COAI says TRAI’s tough EMF radiation rules hurt 5G rollouts

COAI says TRAI’s tough EMF radiation rules hurt 5G rollouts

The Cellular Operators Association of India (COAI) has reportedly asked the Telecom Regulatory Authority of India (TRAI) to relax its electromagnetic field (EMF) radiation rules to help lower the cost of 5G rollouts.

According to The Hindu Business Line, COAI has sent a letter to TRAI complaining that its standards for limiting radiation exposure levels are 10 times more stringent than global standards set by the International Commission on Non-Ionizing Radiation Protection (ICNIRP).

This impacts the cost of rollouts because 5G uses higher frequency bands, which means 5G base stations need more power to transmit signals, which means higher EMF radiation levels, the letter said. Under TRAI’s EMF standards, 5G base stations would have to transmit at lower power. That means less coverage, which in turn means deploying more base stations to fill the gaps.

That, plus the very limited use cases for 5G (and therefore limited revenue streams), is making it hard for operators to recoup their 5G investments, which so far has totalled over INR1 trillion (US$12 billion), the letter said.

“It is important to note here that the current EMF exposure limits in India are significantly stricter (10 times) than the ICNIRP norms, and if not revised, will severely harm consumer experience and expectations from 5G in India,” the COAI letter said. “This will adversely deteriorate 5G leading to slower internet speed, lower network quality and inferior signal strength. In addition, this will also impact all potential aspects to enhance the wireless infrastructure and deployment of 5G, including spectral efficiency and network topology.”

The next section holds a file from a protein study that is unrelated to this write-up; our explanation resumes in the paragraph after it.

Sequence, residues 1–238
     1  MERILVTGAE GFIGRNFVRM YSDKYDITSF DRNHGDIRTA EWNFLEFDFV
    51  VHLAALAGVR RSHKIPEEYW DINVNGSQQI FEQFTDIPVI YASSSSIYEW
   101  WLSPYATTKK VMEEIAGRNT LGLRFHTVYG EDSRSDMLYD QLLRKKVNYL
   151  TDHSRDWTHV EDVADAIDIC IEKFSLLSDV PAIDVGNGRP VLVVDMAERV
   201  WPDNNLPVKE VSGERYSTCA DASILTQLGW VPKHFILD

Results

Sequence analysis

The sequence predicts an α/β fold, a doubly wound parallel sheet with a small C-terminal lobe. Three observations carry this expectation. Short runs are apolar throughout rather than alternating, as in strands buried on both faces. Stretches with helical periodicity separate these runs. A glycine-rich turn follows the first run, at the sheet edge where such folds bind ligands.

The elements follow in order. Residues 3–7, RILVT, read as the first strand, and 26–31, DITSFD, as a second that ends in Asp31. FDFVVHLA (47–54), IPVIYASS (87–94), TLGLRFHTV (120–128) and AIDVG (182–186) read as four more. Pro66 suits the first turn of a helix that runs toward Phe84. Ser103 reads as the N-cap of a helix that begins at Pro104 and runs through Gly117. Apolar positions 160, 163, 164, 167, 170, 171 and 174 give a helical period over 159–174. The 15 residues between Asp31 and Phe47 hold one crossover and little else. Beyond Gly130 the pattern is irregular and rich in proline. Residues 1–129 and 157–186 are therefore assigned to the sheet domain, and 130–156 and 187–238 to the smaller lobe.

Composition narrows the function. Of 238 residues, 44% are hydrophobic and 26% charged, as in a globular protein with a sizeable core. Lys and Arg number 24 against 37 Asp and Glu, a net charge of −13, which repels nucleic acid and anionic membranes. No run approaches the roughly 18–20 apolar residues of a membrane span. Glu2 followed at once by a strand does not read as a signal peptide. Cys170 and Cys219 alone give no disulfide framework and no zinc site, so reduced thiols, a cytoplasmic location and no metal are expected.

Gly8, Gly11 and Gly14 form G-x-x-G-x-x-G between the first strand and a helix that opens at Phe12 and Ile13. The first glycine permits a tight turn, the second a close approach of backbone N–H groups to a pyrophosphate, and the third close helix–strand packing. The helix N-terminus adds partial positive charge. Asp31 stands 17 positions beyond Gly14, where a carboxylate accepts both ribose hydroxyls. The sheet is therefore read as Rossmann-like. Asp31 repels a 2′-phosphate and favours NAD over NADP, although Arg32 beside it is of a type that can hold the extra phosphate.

The ICNIRP’s guidelines for 5G, issued in 2020, account for the fact that the higher frequencies for 5G do not penetrate the human body as deeply as lower frequencies. The ICNIRP also noted that 5G’s use of beamforming can reduce overall exposure to EMF radiation in a given cell.

At the time, ICNIRP said that while 5G generally complied with its original 1998 EMF guidelines, 5G is still an evolving technology. As such, the ICNIRP’s updated 2020 guidelines are set well below minimum safety levels to protect health, and add a few changes, including “whole body average restrictions for frequencies above 6 GHz, restrictions for brief (less than 6 minutes) exposures for frequencies above 6 GHz, and the reduction of the averaging area for frequencies above 6 GHz.”


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